A religious broadcast on the radio led to a complete change in the parenting style of grocery seller, Thorn Veasna*. The 48 year old, with his wife, regularly listens to the ‘Seeking Happiness Through Buddhist Spiritual Advice Progamme’, a daily show hosted by Buddhist monks.

In late 2013, one of the radio shows was about positive parenting. Noting that according to Buddhist principles violence against other people is a sin, the programme emphasised the importance of raising children with love through encouragement, listening and explanation, rather than through beating, yelling and blaming. To Veasna it was a revelation that violence was not an effective form of discipline. He and his wife used to beat their children with a branch from a tree to exert their authority. “I thought that when raising children we must be strict with them, otherwise they will not listen or respect to us,” said Veasna. The radio show messages convinced them otherwise. “When we use violence with them, they are scared and afraid of us. But when we treat them with love and care, there is much more happiness,” said Veasna who no longer hits his children.

©UNICEF Cambodia/2014/Molika Meas
Thorn Vaesna at home with his wife

Monday, September 8, 2014

Community preschools give children the best start in life

By Rowena Campbell

Beng village is a small, rural village in Kampong Trobek District, in Prey Veng province. 741 people live here growing rice and raising cattle. A Community Preschool (CPS) has been built on the teacher’s land and here teacher Nak Sokhom has been teaching 3 to 5 year old children since 2005.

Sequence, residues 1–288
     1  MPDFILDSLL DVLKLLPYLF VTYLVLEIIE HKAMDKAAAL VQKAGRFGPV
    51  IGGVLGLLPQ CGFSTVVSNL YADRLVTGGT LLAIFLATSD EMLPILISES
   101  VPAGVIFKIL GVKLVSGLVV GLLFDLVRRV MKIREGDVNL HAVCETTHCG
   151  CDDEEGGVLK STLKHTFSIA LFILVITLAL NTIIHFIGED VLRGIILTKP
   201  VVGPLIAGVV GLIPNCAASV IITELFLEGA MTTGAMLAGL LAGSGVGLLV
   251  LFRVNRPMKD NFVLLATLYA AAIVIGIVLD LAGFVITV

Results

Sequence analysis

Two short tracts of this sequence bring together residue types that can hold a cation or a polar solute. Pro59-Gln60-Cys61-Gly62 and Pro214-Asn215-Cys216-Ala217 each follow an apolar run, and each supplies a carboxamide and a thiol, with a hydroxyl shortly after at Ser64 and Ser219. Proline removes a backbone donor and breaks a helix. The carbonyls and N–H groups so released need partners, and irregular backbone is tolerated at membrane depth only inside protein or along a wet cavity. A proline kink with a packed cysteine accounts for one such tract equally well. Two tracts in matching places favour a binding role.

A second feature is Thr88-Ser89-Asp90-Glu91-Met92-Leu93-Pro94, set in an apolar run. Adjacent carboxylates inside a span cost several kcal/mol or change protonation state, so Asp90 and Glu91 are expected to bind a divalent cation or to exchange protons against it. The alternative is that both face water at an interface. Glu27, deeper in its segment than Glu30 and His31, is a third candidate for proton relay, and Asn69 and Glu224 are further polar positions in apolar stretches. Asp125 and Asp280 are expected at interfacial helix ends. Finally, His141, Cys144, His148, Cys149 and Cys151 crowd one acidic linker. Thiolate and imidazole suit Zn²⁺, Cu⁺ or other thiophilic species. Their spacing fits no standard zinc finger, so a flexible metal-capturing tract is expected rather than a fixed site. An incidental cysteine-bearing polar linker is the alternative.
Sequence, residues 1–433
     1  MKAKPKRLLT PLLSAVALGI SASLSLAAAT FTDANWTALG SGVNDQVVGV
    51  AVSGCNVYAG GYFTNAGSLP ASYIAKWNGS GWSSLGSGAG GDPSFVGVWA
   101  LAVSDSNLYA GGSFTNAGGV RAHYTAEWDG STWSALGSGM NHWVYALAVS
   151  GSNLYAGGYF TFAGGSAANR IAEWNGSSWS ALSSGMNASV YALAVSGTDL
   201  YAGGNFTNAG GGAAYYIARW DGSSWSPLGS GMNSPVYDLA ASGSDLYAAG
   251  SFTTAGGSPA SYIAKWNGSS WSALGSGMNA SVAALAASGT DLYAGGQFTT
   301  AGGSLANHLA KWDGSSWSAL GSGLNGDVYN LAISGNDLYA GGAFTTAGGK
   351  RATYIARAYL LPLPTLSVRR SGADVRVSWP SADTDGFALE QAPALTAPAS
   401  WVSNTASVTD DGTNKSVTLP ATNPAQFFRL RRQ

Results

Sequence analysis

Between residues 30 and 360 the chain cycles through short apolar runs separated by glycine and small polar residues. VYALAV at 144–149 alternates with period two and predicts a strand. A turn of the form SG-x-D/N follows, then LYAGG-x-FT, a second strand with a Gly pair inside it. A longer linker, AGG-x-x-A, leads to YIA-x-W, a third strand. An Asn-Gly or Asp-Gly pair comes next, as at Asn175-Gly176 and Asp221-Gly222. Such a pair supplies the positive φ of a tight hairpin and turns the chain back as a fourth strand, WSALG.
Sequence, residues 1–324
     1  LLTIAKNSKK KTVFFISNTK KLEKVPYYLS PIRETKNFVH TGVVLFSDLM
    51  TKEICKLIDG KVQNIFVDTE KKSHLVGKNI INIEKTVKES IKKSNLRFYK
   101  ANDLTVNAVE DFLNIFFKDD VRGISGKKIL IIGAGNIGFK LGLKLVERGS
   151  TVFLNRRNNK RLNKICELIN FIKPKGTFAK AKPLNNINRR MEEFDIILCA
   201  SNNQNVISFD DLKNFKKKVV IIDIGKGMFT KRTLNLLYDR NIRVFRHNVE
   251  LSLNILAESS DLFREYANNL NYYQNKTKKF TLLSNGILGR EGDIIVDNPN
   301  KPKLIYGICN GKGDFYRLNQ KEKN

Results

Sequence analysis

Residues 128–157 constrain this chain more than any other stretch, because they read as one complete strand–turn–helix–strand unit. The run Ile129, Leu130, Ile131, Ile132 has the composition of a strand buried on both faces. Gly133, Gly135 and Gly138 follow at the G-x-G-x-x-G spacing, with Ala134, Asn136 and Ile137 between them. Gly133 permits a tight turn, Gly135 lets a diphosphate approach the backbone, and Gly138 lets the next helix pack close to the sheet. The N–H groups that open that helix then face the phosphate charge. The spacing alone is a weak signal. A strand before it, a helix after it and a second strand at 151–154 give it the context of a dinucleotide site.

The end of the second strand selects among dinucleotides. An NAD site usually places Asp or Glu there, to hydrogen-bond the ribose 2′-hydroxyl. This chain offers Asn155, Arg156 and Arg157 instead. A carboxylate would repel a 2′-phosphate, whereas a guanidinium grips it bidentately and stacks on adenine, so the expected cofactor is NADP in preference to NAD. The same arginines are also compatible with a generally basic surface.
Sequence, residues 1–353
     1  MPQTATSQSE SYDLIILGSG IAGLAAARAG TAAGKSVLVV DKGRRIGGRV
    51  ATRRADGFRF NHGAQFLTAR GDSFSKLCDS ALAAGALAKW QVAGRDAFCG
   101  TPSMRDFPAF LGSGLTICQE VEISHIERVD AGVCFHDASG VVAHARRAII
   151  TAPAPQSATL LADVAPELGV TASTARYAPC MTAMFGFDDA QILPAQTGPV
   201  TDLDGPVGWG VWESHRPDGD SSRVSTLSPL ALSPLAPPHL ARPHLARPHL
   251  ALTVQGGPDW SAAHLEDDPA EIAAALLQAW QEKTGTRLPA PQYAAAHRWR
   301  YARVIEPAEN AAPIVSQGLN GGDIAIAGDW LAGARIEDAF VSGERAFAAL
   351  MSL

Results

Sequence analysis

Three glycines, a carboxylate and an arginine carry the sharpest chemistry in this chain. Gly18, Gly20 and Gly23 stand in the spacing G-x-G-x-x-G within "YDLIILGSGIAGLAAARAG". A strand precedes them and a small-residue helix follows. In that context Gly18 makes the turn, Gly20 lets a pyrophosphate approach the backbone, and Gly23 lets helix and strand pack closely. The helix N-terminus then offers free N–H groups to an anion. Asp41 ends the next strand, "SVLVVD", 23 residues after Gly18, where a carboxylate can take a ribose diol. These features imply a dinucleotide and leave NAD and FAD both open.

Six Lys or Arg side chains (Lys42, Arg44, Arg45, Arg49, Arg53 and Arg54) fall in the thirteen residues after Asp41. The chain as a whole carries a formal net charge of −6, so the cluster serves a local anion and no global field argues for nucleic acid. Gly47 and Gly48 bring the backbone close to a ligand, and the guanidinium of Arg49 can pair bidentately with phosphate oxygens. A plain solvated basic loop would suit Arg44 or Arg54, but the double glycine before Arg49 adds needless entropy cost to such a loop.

Ms. Sokhom’s preschool classes are held for two hours a day, five times a week in a colourful and bright room, built and decorated with UNICEF support and funding from IKEA and the Australian Committee for UNICEF. Drawings created by the children hang on the walls, bright paper bunting is strung across the room and two big bowls of water sit in a corner below a bright pink towel. With ample space, the pupils can play and learn freely and safely.



©UNICEF Cambodia/2014/Rowena Campbell
Teacher Ms. Sokham teaches 3-5 year olds at Beng Community Preschool

Saturday, July 26, 2014

Community preschool improves transition to primary school for Ut Voy

By Rowena Campbell

8 year old Ut Vov attends primary school in Beng Primary Sschool, rural Prey Veng province, about 90 km East of Cambodia’s capital, Phnom Penh. Ut is now in grade 2 at primary school, two years after leaving Beng Community Pre School. Ut joined the pre-school when he was 4 years old. Despite battling autism, he learnt to play with other children, draw, and recognize the alphabet under the influence of his teacher, Ms. Sokhom.

©UNICEF Cambodia/2014/Rowena Campbell
8 year old Ut Vov now attends primary school after the dedicated teaching and support of the Community Pre School teacher

“I know that every day I am doing something important” Community preschool teacher: Nak Sokhom

By Rowena Campbell

©UNICEF Cambodia/2014/Rowena Campbell
Ms. Sokham teaches 3-5 year olds at the village Community Preschool

Preschool students giggle and shout as they join in with their teacher learning numbers, singing songs and drawing pictures of a train track on their small blackboard slates. Surrounded by colouful drawings and hanging posters showing images of the alphabet and numbers, Nak Sokhom teaches a group of 3 to 5 year olds.